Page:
Planting Delays A Concern
Heavy rains across Southern Minnesota and Northern Iowa that occurred April 28-30 have raised major concerns in some areas regarding delays in corn planting. Most of the region received 2-3 in. of rain over the weekend, which brought total precipitation for April to 7-10 inches in many portions of extreme Southern Minnesota. In some areas, fields have been too wet to plant any corn this spring, while in other parts of southern portions of South Central and Southwest Minnesota, less than 25 percent of the corn is planted, as of May 1. Following the most recent rainfall event, most fields in this region are totally saturated, many fields with standing water, and will take several days of drying to allow spring fieldwork to resume in most locations. Late April and early May planting conditions in much of this region are starting out very similar to the spring of 2001, when delayed planting due to wet field conditions led to reduced corn and soybean yields, and ultimately to reduced farm profits for 2001.
If corn planting is delayed beyond the first week of May, the yield potential starts to be reduced. The good news is that we¡¯ve had warmer than normal temperatures in April, and soil temperatures have remained warm. This should allow for rapid germination and good conditions for early growth, once the corn is planted. If the average soil temperature in the planting zone is above 60¢ª, corn should emerge in 10 days or less after planting. Most growers will probably stick with planting full-season corn hybrids for at least another 2-3 weeks, until May 15-20, then will move to earlier corn hybrids, before switching major acreage to soybeans. Weather conditions in the next 10 days to two weeks will determine if we just have planting delays with minor impact in this region, or if it becomes a major concern with potentially significant economic impact.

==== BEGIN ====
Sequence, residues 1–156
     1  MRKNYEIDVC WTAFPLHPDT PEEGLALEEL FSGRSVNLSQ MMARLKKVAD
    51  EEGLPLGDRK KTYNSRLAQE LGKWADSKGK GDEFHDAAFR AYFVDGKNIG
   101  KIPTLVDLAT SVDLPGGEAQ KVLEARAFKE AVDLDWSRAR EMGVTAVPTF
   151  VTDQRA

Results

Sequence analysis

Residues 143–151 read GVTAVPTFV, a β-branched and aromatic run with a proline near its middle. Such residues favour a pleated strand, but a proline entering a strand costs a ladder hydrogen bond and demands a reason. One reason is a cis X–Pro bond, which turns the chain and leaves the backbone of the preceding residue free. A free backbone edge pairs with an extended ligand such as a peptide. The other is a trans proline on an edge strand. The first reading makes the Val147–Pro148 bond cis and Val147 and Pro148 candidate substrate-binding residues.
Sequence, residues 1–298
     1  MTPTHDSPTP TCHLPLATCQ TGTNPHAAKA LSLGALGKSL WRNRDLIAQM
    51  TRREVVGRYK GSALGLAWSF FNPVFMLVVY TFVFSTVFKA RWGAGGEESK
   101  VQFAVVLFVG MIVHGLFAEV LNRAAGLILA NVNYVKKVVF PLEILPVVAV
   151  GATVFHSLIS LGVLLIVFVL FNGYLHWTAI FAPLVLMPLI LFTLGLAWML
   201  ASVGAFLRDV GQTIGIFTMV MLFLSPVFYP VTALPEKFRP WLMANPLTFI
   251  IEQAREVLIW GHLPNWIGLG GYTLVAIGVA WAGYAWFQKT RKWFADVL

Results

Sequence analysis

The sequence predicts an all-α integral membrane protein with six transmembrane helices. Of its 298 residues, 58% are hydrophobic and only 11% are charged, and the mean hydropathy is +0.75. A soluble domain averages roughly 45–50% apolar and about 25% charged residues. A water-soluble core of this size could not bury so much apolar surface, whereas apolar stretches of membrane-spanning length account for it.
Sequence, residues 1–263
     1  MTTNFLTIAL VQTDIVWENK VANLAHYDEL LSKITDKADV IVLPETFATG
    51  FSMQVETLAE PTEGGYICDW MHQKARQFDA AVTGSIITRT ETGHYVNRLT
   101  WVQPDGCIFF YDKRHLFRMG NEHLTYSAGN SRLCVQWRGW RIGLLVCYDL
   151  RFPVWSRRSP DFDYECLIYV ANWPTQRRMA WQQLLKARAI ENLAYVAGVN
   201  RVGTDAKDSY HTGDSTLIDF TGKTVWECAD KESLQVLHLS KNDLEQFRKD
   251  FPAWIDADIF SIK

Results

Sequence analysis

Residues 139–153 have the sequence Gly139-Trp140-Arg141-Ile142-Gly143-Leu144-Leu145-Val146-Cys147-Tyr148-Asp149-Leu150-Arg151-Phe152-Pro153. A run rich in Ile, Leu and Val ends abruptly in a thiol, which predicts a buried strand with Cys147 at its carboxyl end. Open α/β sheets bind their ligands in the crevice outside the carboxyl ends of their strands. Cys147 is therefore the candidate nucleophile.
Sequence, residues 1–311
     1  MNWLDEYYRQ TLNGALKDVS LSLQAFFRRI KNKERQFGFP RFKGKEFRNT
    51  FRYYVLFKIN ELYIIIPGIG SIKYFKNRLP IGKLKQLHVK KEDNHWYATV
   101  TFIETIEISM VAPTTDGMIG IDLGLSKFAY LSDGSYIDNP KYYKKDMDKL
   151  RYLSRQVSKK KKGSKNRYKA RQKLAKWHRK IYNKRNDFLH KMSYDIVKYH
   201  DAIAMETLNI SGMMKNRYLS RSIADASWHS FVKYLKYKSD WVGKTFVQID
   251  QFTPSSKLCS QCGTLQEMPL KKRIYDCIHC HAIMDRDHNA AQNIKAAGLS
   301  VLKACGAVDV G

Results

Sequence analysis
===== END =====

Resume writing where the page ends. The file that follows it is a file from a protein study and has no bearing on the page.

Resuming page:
Grain Marketing Opportunities
In many years, some of the best corn and soybean marketing opportunities occur during the spring planting season, from April until early June. In most years, corn and soybean prices tend to decline from early July until harvest in the fall, unless there is a major drought in the U.S. Corn and soybean prices on the Chicago Board of Trade were up significantly on April 28, and opened higher on May 1. Many farm operators still have a considerable amount of 2005 corn and soybeans stored on the farm waiting to be sold. It would probably be a good farm management decision to take advantage of favorable marketing opportunities to liquidate some of the 2005 grain inventory, as well as to forward-price some of the 2006 corn and soybean crop, when these temporary grain price rallies occur.
Editors note: Kent Thiesse is a former University of Minnesota Extension educator and now is Vice President of MinnStar Bank, Lake Crystal, MN. You can contact him at 507-726-2137 or via e-mail at firstname.lastname@example.org.